Developer tools: why it’s hard to build a big business
A few weeks ago, Atlassian went public. Not only are they the most successful public developer tool company, they’re the only public developer company. Github will likely be public soon too, but there aren’t many others waiting in the wings.
Here’s why it’s hard to build a big business focused on developer tools:
- The open source model works really well for developer tools. This is because 1) open source works best when developers are their own customers and 2) developers working on open source developer tools receive a tremendous amount of social recognition, the true business model of open source.
- Developers like writing their own tools and hate paying for things that they think they can build themselves, even when the cost to build far exceeds the cost to buy. Because developers *can* write their own tools, this makes them hypercritical of cost and inflexibility.
- Developer tools end up being heavily subsidized by other business lines. Apple, Google and Microsoft spend hundreds of millions of dollars a year to create tools for their developer ecosystems. This makes it difficult to create an independent business unless your tool bridges these ecosystems in way that independent players aren’t inclined to do. The web was an opportunity to do this, and I’m still surprised a big business wasn’t created here (someone really should write a case study on Mozilla.)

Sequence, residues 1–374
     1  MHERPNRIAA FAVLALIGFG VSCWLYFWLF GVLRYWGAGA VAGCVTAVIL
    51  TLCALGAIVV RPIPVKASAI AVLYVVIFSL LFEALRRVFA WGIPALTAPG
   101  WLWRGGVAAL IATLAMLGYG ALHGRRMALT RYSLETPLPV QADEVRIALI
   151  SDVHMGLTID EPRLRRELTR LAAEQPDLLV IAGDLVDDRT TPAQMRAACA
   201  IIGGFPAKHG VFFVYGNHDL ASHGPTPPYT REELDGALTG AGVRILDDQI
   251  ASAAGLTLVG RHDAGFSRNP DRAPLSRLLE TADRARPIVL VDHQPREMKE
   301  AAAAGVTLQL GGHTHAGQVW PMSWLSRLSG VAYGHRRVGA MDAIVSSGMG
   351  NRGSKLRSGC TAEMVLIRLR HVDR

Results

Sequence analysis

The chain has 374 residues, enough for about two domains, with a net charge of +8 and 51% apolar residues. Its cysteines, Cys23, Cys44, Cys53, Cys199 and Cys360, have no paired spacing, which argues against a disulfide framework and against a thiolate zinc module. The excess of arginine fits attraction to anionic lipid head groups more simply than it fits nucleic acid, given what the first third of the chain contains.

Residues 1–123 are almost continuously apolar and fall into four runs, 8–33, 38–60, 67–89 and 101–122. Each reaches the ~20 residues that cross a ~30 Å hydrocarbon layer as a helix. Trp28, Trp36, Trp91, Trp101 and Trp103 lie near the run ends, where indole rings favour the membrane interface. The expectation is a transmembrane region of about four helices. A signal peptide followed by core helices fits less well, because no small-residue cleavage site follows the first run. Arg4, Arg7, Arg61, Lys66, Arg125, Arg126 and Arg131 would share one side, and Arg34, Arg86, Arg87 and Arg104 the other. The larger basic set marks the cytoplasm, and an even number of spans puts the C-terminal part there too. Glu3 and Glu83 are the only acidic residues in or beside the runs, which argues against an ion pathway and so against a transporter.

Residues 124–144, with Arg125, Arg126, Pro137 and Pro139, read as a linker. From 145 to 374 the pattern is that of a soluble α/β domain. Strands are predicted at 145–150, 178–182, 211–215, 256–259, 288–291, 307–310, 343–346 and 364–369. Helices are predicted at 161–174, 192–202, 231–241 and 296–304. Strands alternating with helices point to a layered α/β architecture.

How could you build a large independent developer tools business, starting in 2016? Here are two ideas:
- Build tools for a specific set of developers who don’t have the skills to build the tools they need. E.g., target new developers or people who code for only part of their jobs.
- Build a network of modules whose interdependence creates exceptional value, far beyond what could be developed individually off the platform. I think we’re only at the beginning of networked code.
There’s a lot more to write here: on why open source infrastructure is a better business than developer tools, on what happened with the web’s developer tools, and on the future of mobile development.
Developer tools are the final frontier of cognitive augmentation tools so I love thinking about and investing in them. In fact, I almost started a dev tool company once. But that’s a story for another time.
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